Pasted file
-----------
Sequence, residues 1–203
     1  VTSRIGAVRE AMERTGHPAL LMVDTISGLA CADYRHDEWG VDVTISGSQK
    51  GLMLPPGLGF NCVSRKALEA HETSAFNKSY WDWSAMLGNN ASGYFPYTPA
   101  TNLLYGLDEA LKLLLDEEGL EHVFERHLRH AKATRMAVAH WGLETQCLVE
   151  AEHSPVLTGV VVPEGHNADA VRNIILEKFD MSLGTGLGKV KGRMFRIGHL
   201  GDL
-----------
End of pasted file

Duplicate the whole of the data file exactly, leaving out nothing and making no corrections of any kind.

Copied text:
Sequence, residues 1–203
     1  VTSRIGAVRE AMERTGHPAL LMVDTISGLA CADYRHDEWG VDVTISGSQK
    51  GLMLPPGLGF NCVSRKALEA HETSAFNKSY WDWSAMLGNN ASGYFPYTPA
   101  TNLLYGLDEA LKLLLDEEGL EHVFERHLRH AKATRMAVAH WGLETQCLVE
   151  AEHSPVLTGV VVPEGHNADA VRNIILEKFD MSLGTGLGKV KGRMFRIGHL
   201  GDL